After thunder comes rain, and the rain came on 12 October, as the International Court of Justice ruled on the maritime border between Somalia and Kenya. The Court confirmed equidistance from the coasts as the cardinal principle of delimitation, extending the boundary established in 1927 into the sea and thus accepting Mogadishu’s claims based on these arguments.
The verdict tempers its application to some extent. Given the geography of the boundary points, located along a slightly concave coastline and therefore unfavourable to Kenya, the Court ruled a slight adjustment of the boundary in favour of Nairobi. The result is a line running south-east from Ras Kamboni for 200 nm, leaving Kenya with only part of the disputed area. Mogadishu’s claim for compensation was rejected, as was Kenya’s claim of damage to fishing communities in the Lamu area.
The ruling is binding and unappealable, but its application is left to the will of the parties or the community of states. Somalia, and in particular its President Farmajo, extolled the achievement of a long sought-after result; he decried the celebration in obvious terms of national redemption – while also calling for cooperation and a strengthening of relations on new tracks.
On the Kenyan side, however, the Court’s jurisdiction, and therefore the verdict, is rejected outright; President Uhuru has not hesitated to announce that he will do ‘everything possible’ – as President and Commander-in-Chief – against those who seek to enforce it. The media take sides according to local affiliations. Pro-Kenya readings abound in the press, especially in English and international press.
It is possible that the government in Nairobi will take the case to the UN Security Council, pre-empting Somalia and leveraging the non-permanent seat it has enjoyed since January on the rotating presidency in October. Kenya could also ask for a review or continue to seek a bilateral agreement, aiming at some recognition of its sovereignty or competence over the area. Its position may now be weaker vis-à-vis Somalia, but possibly not vis-à-vis that part of the international community that already supported – either out of interest or good-faith – its reasons.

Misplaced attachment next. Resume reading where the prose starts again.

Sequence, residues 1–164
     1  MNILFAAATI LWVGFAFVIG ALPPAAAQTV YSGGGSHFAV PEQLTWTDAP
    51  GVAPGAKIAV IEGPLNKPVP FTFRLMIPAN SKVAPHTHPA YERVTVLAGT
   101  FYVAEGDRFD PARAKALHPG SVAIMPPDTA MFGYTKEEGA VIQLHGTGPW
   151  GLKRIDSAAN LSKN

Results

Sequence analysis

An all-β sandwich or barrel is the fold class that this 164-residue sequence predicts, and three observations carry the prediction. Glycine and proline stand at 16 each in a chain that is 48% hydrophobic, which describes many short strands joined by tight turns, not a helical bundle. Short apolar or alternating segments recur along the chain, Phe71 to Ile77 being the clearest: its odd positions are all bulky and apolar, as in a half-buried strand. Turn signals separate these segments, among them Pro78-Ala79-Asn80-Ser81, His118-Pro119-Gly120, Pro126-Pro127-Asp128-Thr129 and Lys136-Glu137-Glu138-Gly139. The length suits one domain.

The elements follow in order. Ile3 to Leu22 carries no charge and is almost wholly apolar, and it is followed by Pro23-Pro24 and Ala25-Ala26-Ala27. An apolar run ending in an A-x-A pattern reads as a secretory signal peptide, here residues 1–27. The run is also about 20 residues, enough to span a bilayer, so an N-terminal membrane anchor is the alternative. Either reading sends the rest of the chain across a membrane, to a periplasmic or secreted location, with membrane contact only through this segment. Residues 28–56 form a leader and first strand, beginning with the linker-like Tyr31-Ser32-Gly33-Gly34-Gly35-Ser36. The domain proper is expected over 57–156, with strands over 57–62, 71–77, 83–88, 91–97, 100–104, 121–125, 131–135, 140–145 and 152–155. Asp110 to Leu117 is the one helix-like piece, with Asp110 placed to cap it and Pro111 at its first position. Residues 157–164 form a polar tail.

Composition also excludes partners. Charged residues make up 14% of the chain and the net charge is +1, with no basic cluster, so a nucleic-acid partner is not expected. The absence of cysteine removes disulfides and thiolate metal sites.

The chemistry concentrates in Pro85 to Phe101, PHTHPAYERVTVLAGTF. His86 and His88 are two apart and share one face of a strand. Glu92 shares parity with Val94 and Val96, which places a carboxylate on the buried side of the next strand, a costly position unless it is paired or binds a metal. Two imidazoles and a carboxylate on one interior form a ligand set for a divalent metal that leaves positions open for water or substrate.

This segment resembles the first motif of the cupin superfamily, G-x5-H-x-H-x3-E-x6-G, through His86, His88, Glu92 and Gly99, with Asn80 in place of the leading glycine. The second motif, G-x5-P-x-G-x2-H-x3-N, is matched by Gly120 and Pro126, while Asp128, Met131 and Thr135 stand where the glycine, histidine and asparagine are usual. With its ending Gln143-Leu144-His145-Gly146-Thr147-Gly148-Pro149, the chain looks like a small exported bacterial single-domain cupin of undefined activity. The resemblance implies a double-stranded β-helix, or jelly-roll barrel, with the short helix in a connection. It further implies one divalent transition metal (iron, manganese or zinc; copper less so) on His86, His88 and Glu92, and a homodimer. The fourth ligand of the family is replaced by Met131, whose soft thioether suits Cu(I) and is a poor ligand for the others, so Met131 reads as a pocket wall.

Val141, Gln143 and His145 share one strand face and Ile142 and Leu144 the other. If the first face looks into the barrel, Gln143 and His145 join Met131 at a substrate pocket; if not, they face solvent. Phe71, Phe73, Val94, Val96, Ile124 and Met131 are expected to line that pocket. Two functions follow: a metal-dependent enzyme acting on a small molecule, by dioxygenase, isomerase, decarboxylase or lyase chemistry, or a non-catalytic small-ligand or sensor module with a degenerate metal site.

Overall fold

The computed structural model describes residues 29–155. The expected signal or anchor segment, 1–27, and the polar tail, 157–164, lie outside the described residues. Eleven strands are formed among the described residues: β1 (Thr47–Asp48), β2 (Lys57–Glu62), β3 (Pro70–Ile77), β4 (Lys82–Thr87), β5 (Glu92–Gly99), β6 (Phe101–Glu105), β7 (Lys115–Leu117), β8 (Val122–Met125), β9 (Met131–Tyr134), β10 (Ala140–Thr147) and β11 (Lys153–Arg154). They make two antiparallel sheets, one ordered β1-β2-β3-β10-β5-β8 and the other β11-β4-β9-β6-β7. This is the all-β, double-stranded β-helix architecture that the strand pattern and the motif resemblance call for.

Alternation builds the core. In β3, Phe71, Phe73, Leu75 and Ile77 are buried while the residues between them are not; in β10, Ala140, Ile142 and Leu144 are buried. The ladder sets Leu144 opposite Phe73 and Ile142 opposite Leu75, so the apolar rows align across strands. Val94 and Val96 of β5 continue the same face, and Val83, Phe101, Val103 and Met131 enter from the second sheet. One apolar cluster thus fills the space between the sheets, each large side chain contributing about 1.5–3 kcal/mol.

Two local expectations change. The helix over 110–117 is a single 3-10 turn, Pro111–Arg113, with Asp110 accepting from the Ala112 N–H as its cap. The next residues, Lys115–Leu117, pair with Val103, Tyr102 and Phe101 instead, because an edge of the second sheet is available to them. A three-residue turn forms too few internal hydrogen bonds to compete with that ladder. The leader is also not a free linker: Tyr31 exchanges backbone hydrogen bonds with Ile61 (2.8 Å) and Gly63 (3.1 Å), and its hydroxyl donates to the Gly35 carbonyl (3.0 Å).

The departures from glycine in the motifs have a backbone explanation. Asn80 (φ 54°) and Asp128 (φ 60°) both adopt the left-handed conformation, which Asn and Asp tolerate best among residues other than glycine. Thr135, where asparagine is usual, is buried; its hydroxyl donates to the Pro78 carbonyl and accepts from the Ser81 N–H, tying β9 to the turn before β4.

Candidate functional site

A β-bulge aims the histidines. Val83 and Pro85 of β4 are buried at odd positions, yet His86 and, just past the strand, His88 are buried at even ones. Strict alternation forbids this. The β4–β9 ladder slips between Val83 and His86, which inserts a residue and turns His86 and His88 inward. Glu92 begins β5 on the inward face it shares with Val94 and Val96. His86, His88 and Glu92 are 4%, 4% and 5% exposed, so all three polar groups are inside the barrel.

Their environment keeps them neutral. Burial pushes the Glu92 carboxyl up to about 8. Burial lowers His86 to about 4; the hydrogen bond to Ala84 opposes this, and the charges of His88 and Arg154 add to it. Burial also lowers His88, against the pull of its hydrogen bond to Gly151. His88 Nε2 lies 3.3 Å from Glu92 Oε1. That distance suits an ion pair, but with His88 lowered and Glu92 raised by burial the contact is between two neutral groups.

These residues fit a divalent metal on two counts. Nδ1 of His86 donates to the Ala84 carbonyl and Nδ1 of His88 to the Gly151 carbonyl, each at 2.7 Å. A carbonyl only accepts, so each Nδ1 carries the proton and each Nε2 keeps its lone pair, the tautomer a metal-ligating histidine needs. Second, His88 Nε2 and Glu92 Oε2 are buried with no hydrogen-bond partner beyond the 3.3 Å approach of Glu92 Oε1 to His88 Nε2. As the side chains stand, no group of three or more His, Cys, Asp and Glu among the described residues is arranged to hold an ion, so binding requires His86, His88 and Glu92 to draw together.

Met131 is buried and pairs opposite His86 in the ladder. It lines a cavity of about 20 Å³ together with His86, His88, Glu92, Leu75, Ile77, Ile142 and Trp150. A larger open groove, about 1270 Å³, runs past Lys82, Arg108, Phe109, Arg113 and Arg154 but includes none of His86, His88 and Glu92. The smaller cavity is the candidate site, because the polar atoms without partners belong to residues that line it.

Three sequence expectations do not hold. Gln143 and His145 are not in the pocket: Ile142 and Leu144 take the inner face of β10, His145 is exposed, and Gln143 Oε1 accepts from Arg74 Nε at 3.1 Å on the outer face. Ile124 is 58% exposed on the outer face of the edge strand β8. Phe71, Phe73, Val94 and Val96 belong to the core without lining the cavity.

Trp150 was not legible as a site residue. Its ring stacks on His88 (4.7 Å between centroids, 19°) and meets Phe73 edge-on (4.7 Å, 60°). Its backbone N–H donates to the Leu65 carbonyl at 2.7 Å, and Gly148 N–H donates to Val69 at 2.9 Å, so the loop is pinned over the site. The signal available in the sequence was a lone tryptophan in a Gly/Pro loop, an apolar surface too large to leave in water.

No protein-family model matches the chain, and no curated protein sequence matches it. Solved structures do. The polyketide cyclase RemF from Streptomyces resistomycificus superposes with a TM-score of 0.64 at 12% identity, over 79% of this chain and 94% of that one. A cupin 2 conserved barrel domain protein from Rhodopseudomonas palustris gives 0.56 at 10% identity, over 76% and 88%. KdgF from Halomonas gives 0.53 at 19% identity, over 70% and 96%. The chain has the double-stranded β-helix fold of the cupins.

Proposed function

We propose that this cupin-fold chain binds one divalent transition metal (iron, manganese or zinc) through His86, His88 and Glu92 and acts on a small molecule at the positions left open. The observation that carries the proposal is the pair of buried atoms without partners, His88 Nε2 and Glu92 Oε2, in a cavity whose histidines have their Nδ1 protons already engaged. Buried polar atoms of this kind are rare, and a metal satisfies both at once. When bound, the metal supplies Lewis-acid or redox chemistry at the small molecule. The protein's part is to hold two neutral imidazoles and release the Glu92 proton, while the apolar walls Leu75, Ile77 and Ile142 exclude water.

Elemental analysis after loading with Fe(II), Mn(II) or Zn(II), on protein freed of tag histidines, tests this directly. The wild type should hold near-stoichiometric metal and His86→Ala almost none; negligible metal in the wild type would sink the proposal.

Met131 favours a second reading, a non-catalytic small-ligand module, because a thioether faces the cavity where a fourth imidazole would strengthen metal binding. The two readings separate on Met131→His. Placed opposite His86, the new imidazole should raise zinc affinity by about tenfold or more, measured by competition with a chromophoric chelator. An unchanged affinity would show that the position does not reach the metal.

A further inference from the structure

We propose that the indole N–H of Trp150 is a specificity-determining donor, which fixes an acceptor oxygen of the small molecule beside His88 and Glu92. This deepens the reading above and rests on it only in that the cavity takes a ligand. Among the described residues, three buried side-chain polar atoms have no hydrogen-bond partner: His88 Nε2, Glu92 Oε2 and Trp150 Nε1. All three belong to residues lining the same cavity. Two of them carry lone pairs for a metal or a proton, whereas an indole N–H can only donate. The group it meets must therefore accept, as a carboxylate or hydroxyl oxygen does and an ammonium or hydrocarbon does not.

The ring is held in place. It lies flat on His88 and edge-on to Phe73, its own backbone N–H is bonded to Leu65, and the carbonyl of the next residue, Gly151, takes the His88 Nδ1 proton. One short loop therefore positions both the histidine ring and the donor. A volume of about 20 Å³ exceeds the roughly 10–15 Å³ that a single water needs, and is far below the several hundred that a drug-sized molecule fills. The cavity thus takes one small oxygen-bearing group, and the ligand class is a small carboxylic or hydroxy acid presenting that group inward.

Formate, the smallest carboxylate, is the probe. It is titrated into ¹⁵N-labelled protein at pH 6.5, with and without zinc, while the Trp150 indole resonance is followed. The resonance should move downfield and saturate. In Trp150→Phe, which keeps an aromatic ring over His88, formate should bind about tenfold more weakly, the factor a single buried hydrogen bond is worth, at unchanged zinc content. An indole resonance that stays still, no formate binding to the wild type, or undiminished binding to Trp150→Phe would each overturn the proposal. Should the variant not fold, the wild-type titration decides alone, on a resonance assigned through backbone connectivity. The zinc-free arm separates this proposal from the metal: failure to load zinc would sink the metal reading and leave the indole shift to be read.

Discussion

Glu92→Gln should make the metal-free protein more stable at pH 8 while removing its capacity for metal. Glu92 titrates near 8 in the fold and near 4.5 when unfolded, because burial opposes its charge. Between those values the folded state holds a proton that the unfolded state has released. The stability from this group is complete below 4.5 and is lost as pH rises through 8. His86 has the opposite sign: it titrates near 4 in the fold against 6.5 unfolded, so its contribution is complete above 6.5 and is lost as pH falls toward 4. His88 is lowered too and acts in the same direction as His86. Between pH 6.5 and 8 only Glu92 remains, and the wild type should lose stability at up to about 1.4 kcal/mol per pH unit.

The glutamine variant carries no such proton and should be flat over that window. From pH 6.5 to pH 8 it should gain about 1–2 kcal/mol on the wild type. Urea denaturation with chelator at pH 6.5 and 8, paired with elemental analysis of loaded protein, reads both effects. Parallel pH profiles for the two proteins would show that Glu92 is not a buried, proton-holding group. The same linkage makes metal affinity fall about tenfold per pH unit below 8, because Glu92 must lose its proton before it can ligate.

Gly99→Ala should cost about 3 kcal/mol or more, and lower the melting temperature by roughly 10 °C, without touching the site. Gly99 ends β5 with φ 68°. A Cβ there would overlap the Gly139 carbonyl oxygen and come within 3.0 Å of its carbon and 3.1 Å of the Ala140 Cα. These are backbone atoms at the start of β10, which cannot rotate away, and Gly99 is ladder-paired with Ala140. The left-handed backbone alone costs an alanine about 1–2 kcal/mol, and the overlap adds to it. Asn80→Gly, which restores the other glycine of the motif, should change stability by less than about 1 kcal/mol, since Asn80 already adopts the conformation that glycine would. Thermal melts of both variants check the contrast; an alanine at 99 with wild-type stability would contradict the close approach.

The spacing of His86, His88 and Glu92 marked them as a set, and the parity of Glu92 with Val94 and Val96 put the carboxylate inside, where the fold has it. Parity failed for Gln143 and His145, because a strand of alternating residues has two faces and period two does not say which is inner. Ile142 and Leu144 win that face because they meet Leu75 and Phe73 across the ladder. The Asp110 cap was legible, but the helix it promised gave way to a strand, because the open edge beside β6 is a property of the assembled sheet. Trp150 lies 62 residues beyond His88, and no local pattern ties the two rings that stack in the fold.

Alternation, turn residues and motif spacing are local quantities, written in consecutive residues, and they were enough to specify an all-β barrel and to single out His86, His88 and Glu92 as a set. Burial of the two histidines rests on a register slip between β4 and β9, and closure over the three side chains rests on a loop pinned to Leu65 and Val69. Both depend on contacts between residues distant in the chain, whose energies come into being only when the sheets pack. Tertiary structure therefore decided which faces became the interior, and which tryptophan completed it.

In the meantime, diplomatic relations between Taiwan and Somaliland are intensifying, while Dubai’s DP World and Britain’s CDC announce investments in the ports of Dakar in Senegal ($1 billion), Ain Sokhna in Egypt and Berbera in Somalia ($700 million for the two terminals). CDC’s role will be a minority one, but the respective shareholdings have not been disclosed.
On the internal Somali side, the ruling may revive tensions as it is in fact a point in favour of Farmajo. On the other hand, Prime Minister Roble has on several occasions sought a soft interlocution with Nairobi, although he has made it clear that the jurisdiction of the International Court of Justice over the delimitation was non-negotiable.
It is however now time to celebrate and this also overshadows the deadline of October 10th – the date indicated for the start of elections for the Lower House. New events of terrorism have also been recorded in the capital (October 12nd-13rd, with 17 civilian and military casualties), four years after the attack that claimed over 600 lives on October 14, 2017. The consequences of that act are still visible in Mogadishu.